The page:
July 31, 2014
Our flight from Kirkenes was on a Dash-8-311 plane, and it took a bit over an hour to get to Tromsø. For part of the flight we could see the land below, and when we landed the weather was actually pretty decent. The Tromsø airport was a zoo when we arrived. Tomorrow would be the first day of the International Chess Olympiad, and people from all around the world were coming. And the plane from Oslo had just arrived, bringing a lot of them. Norwegian TV was there, filming the arrivals area and interviewing people. On the carousel where our bags were supposed to come out, the bags from the Oslo flight started coming out, but nowhere did we see our packs. We waited some more, and finally the carousel next to us started, and our packs and a couple of others from Kirkenes appeared. Hallelujah!
We started to buy tickets from the Flybuss ticket machine, but there was another company whose desk was right next to the machine. They told us they would take us right to the door of our guesthouse for the same price as the Flybuss, so we went with them. We also arranged the pick-up time for our return to the airport the day after tomorrow. Our guesthouse wasn’t on their list of places they regularly served, but that didn’t deter the driver, who dropped us off at the right place even though it had no sign visible from the street.
Silje, the owner of Tromsø Bed and Books, greeted us and showed us our room and the rest of the house. It was a very nice house with a small kitchen and good-sized sitting areas on both the main floor and upper floor, and our bedroom was a nice size.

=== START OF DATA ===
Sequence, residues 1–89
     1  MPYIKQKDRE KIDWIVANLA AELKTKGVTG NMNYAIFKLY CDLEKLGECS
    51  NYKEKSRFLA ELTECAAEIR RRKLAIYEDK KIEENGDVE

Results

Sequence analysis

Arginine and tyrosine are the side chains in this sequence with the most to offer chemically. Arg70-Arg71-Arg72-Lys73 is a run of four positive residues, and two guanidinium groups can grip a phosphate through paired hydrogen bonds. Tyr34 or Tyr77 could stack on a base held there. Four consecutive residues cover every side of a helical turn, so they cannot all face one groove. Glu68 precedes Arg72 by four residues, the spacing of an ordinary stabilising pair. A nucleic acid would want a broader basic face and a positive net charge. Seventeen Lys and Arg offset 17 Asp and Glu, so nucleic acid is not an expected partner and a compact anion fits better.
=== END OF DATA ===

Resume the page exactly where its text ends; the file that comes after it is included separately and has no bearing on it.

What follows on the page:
After unloading our packs we decided to walk to the botanical gardens, which were located on the far side of town near the university. The day was warming up but the breeze was refreshing, so the walk was very pleasant. Our map was not the greatest, but since it appeared to say to take bus 20 to get there, we followed the street where bus 20 ran. After a while we thought we should be there, but we weren’t. We saw an interesting-looking church, an ice rink, and some ski jumps, but no gardens. After looking more closely at the map we realized that the gardens were located at the bottom of the hill we were walking up. Down we went and there they were.
The garden was on the site of an old farm which was now surrounded by highways and Tromsø’s industrial port. It was a pretty good garden, with several sections filled with plants from around the world. There were succulents which could overwinter there, and a North American section with flowers that we recognized. It claimed to be the world’s northernmost botanical garden, and it did turn out to be a little bit farther north than Svanvik’s.
Getting back to the town centre was a lot easier. We stopped at a grocery store along the way to pick up supplies for lunch and dinner. When we arrived, the kitchen in the house was busy so we waited our turn to make our pasta and sauce. Our table-mates were a British couple and three German-speaking women who were from Switzerland and probably Austria. The Brits had done a short walking and camping vacation and the three women were cycling. A very interesting group of people.
August 1, 2014
This morning it was slightly overcast and it had rained overnight, but we could see blue sky arriving so we thought our day would be good. We decided to get some laundry done because the guesthouse had a washer and dryer which were free. So with a bit of help from Silje we found some settings on the washer which seemed to work, and since the display said “1 hour 14 minutes” we headed out to visit the Polaria aquarium, which was very close by.
We arrived just in time to see the trainers weighing the two harbour seals (about 50 kg each) and the two bearded seals (about 270 kg each). The animals followed signals from the trainers and swam onto a wooden platform that was hoisted out of the water to weigh them. The harbour seals are the same species as the ones we see at home, but theirs looked quite black compared to our grey animals. We asked if they were planning to breed the bearded seals, and they said they would like to do that but they were both females, which was a bit of a problem.